You can always tell the kind of person we have running the country these days by the time that elapses between the day of their sacking and the bitter, twisted back-stabbing of the boss. Some former ministers bide their time, waiting for the iron to become hot, striking at a time of maximum embarrassment. While Jack Straw falls into the former category, pretending, for the time being, to be perfectly happy as Father of the House, for former Home Secretary and Safety Elephant Charles Clarke, it was a massive fifty-two days. Classy, we don't think.
It was not so long ago that Wingnut was Tony Blair's number one fan, standing shoulder-to-shoulder with Captain Teeth on even the most reactionary of legislation, put before the House, we suspect as part of a huge dare that went horribly, horribly wrong.
In fact, Clarke's entire career, we suspect, has been nothing but a huge act of revenge on the British people. If any boy was bullied at school it was the young Charlie, whose ears must have ached red raw from the constant flicks and tweaks of his peers and masters alike. Then, it was just a matter of waiting for decades, biding his time, until he was in a position to pass laws allowing the aural torture of any suspect in Belmarsh Prison, and PING! there he was, wearing his ministerial ear-torture gauntlets, giving the bastards what-for.
And you think we're making this up.
It's one thing for Charlie to accuse his successor John Reid of pandering to a so-called tabloid agenda, but what, then, were both he and David Blunkett doing in their time at the Home Office? If you listen carefully, you can still hear the dying echoes of Rebekah Wade's banshee-like wails for all kinds of pointless law-making which has found its way into the statute books, before quietly disappearing, unused, unloved, and unenforceable. A pot-and-kettle job. A big, scary Scottish thug of a cooking pot, and a kettle with a couple of huge handles. You have to ask yourself, then, what price loyalty? Not just in the government, but in any organisation. Politicians, who like to portray themselves as Man (or Woman/Undecided) of the People, see themselves as a cut above us mere proles, even if they are no different from the rest of us.
It took us some time to realise that the bald bloke who lives round the corner who has fallen into the ministerial post responsible for running schools in England and Wales is not a lot different from the chap who runs the Neighbourhood Watch. Except he's got a somewhat higher budget when it comes to photocopying leaflets, of course. They both, however, have equal capacity in the climbing-over-the-dead-bodies-of-my-former-comrades stakes coupled with an unrivalled talent for toadying.
Politics, then, cannot be trusted to politicians. Not unless we just lock them all in a very small room without electricity and leave them to get on with it, leaving society for the rest of us to sort out. Even then, we're pretty sure that they'll figure out some dreadful means of enslaving humanity whilst our backs are turned. We actually tried this approach not too long ago as part of a bizarre medical experiment, locking Tessa Jowell in the cupboard under the stairs for a few days, and you will not be surprised to hear that society was none the worse for it, restraining orders or otherwise. However, the adage is true, even cabinet ministers are just two missed meals away from going feral.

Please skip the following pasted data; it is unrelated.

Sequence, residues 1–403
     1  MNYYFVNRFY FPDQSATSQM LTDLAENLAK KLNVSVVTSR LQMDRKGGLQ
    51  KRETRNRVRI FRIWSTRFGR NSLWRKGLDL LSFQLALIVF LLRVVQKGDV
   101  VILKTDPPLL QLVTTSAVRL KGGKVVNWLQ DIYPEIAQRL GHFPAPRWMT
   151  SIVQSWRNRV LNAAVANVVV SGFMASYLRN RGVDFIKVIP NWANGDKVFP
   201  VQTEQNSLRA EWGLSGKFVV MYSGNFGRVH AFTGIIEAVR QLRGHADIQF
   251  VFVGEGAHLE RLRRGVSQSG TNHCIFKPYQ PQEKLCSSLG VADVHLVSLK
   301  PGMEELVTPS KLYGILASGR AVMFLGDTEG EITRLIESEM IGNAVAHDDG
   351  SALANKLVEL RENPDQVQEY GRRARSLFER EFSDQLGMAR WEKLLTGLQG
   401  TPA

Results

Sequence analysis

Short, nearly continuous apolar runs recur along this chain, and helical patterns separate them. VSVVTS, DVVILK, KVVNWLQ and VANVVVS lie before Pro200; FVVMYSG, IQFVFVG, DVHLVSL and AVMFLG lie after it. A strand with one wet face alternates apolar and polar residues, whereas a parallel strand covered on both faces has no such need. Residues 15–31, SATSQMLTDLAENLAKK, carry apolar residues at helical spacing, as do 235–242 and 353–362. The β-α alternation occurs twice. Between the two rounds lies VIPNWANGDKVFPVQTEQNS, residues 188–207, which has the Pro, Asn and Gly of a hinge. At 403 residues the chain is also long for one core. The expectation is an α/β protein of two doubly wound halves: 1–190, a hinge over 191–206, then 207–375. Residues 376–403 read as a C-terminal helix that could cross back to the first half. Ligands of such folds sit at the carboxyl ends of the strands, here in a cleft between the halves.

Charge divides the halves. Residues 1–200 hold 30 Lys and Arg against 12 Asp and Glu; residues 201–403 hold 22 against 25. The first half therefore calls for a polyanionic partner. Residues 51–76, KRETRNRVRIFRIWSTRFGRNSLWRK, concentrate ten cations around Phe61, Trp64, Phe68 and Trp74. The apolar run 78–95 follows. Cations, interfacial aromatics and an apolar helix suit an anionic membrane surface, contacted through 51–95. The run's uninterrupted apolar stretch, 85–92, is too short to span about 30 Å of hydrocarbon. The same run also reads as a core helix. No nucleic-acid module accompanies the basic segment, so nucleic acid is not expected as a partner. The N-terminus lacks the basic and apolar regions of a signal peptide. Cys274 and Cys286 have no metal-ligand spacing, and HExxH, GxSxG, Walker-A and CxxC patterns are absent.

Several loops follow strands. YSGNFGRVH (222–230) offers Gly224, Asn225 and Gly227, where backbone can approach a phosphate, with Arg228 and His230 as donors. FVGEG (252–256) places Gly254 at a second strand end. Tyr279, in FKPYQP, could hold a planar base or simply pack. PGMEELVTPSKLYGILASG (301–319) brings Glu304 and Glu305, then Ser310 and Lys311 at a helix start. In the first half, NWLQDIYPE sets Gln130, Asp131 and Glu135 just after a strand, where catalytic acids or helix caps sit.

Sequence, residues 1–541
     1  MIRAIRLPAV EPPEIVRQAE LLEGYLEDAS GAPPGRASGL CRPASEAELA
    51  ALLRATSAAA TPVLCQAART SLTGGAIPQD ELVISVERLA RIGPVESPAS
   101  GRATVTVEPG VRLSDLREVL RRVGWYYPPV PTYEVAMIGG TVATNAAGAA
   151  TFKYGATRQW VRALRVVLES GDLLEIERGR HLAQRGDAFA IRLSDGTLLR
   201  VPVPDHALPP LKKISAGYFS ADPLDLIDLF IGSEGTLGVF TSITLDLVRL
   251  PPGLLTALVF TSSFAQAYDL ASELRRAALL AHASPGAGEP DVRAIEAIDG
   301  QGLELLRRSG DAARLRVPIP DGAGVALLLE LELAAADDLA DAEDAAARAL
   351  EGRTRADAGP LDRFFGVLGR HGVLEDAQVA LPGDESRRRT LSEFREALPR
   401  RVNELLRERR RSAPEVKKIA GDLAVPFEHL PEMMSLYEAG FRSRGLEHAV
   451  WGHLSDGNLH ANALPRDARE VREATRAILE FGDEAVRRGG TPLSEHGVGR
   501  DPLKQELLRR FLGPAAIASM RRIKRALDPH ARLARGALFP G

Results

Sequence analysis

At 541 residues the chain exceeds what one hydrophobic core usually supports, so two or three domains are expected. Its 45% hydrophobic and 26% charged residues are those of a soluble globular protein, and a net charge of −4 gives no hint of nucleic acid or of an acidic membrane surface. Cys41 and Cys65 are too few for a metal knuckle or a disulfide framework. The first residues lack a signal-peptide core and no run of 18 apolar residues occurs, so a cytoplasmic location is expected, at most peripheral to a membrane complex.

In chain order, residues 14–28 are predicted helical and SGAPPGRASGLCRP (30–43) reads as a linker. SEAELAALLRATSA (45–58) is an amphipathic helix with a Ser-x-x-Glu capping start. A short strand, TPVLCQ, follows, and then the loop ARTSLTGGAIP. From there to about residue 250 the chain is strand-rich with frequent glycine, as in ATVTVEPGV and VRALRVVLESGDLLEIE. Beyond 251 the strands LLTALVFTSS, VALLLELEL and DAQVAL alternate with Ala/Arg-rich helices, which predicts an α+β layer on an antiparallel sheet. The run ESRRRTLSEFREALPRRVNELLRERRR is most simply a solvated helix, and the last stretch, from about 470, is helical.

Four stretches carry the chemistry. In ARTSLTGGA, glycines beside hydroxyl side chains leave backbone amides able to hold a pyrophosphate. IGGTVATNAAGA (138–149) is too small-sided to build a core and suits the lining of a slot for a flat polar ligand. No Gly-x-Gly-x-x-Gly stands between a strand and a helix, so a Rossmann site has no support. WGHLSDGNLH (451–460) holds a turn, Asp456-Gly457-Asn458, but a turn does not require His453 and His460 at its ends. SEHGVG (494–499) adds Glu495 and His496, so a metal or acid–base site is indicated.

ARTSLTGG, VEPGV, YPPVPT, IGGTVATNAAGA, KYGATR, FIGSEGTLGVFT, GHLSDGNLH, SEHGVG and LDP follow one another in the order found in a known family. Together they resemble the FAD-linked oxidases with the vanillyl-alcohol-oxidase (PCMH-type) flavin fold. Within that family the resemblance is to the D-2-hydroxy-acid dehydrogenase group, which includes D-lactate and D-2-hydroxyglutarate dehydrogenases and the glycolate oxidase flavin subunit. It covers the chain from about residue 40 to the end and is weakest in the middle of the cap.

So, if we cannot trust the very people we put into office to run our country, whom can we trust? As we said last week, we should hand the entire lock, stock and barrel to a committee of newspaper editors, because they've clearly got an answer for everything, and with Ms Wade in the hotseat, Britain is clearly not going to take any stick from anybody. Just look at how she sorted out that bald fella from 'Ultimate Force'.
With the Daily Mail running the Department of Health, for example, we can look forward to the banning of everything and anything that could possibly give us cancer (leaving our shops devoid of any stock whatsoever), simultaneously dealing with the health problems that really matter to the middle classes. For example, the scourge of fat mums on crutches that make playgrounds look ugly at the end of the school day. We would support any government that promotes Yummy Mummies on the school run. The Daily Express, on the other hand, will get to the bottom of the Great Diana and Dodi Mystery, revealing, for once and for all, that they died in a car crash whilst not wearing a seatbelt. Finding themselves in a position of power, they would be duty bound cover it up.
But why stop at running the country? We've long held the belief that our top newspaper columnists are an untapped source of talent that is simply going to waste. The back pages of our national press, for example, have long held the opinion that any man who is fool enough to accept the job of England football manager is in no mental state to accept the job of England football manager. So, by that twisted logic, it then follows that John Sadler and Harry Harris are the only two men on God's Earth fit to pick eleven names out of the hat to take on the collected might of Andorra once this inconveniently successful World Cup is out of the way.
On second thoughts, enough of this unworkable madness. What we really need is some sort of system, one which allows suitable people to be chosen by their peers to represent them in some sort of assembly which can pass laws on the best ways to live as a society. We could call it 'democr...' Nah, that's rubbish too. Roll on anarchy, we say.